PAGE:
3 Things My Mother Taught Me

My mother turns 88 today—September 13, 2009. Born in 1921, she grew up through the Depression, taught school, married a dashing World War II bomber pilot and hometown boy, raised six kids, had a brief stint as “Mother Trucker” working with my dad in a truck dispatching office after his retirement from a lifetime working for Potlatch, had some seasons as a snowbird heading to Death Valley with Dad and going on an Alaskan cruise—and got dementia.

Now everything from her long life is gone, except for her love for my father.

The number of her children and our names and faces: Gone. When I visit, my father does a good job of saying hello in a way that reintroduces who we are and how we fit into her life. She always smiles her best hostess-y smile when we arrive, but it’s clear that she doesn’t really recognize us.

Her actual age and what has and hasn’t happened already in her life: Gone. Sometimes she refers to her mother , dead in 1986, as still living. Sometimes she talks about whether or not she and Dad should have children since they haven’t had any yet. Sometimes she’s living in Spokane, although they’re in Lewiston. Sometimes she lives in the big house they used to own outside Lewiston, instead of in the dementia unit at Guardian Angels.

What she just said and where a normal conversation would go next: Gone. I like to describe it as running a lot of laps around a very short track. (I've written a bit before about what this is like. This means I'm repeating myself. This is of some concern.)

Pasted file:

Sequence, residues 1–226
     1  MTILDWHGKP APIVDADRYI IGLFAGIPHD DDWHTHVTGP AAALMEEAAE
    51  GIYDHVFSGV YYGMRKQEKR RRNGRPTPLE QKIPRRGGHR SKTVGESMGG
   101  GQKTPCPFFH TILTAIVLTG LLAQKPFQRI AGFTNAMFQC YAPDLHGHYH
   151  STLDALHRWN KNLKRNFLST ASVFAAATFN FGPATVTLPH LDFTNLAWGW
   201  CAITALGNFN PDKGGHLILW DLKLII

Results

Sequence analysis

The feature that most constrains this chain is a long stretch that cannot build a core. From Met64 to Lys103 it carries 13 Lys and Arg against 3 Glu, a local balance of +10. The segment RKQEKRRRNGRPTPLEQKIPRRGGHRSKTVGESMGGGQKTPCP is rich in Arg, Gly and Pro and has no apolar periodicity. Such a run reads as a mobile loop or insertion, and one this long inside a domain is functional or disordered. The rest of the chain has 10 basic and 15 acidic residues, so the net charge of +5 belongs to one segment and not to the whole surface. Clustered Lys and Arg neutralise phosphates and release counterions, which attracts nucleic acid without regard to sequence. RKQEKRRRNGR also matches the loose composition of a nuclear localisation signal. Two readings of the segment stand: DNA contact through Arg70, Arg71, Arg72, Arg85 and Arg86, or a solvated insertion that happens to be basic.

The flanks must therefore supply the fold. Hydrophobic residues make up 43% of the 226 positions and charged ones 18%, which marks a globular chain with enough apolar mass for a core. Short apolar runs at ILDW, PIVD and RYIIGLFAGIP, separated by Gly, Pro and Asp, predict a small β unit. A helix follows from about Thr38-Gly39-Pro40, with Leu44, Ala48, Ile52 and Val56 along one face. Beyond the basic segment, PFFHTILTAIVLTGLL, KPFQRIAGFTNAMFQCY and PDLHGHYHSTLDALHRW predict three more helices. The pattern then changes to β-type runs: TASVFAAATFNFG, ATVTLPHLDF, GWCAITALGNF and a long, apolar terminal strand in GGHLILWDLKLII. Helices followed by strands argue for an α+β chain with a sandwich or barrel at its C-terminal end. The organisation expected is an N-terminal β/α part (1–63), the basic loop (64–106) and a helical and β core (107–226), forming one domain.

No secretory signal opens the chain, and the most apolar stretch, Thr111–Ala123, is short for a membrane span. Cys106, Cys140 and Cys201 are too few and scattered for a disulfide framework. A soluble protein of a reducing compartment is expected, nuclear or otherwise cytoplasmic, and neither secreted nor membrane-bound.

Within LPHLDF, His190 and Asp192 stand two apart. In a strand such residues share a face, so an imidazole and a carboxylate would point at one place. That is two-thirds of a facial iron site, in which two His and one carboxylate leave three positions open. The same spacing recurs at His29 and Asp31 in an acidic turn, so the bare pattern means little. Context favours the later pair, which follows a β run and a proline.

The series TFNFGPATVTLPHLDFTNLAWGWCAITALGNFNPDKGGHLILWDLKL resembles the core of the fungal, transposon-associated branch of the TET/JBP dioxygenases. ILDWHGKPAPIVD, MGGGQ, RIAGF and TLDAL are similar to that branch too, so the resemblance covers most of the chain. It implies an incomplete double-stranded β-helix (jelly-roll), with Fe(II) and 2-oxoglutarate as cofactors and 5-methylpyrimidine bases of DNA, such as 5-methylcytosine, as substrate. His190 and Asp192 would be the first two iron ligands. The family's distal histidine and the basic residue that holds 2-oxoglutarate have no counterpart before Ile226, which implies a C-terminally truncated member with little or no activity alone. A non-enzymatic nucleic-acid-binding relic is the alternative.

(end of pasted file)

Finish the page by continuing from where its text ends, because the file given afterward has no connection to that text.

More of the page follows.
Her looping would be familiar to anyone who has spent some time with a dementia patient. As soon as she finishes a sentence—if she does, and if she uses English rather than throwing in a few Klingon words created by the strokes that cause her dementia—she might pick up that thread of thought and start all over again. And again. And again.

Fortunately, the thing she repeats more than anything is how much she loves my father and how well-suited they have been for each other through nearly 65 years of marriage. She repeats things about how they met or things they did together, and often gets those right: “He was always such a good dancer,” with an arch look and a smile.

If she has to forget everything else and repeat just one essential element of her life ad infinitum, at least it is love.

This essay is my birthday present to her, although I don’t know if she can still sustain enough cognitive continuity to read much.

How sad that makes me, when she turned me into an incredibly fast, retentive reader with her teaching skill. She posted names of things on flash cards all over our house so that I learned to see words as entire and intact units, rather than painful constructs of sounded-out syllables. This makes me a good proofreader because I know at some subconscious level that the shape of the word is wrong, even before I can tell you where the typo is.

The best gifts she gave me, though, were lessons in how to lead my life. Because of her, I have these qualities:

I’m a feminist. She told me stories about my grandmother—to be told here another day—to illustrate why I should be able to take care of myself as an independent woman before I married. Admittedly, she did assume I would marry and have children. Her wish for all her children was that we have a marriage as happy as hers (we all got there eventually).

I believe in service to my community. Long before I ever heard of the notion of privilege or paying it forward, my mom gave me both those concepts. She told me how lucky I was, to grow up in a home with two parents who loved each other, plenty to eat, never any fear of losing the roof over our heads, a college education.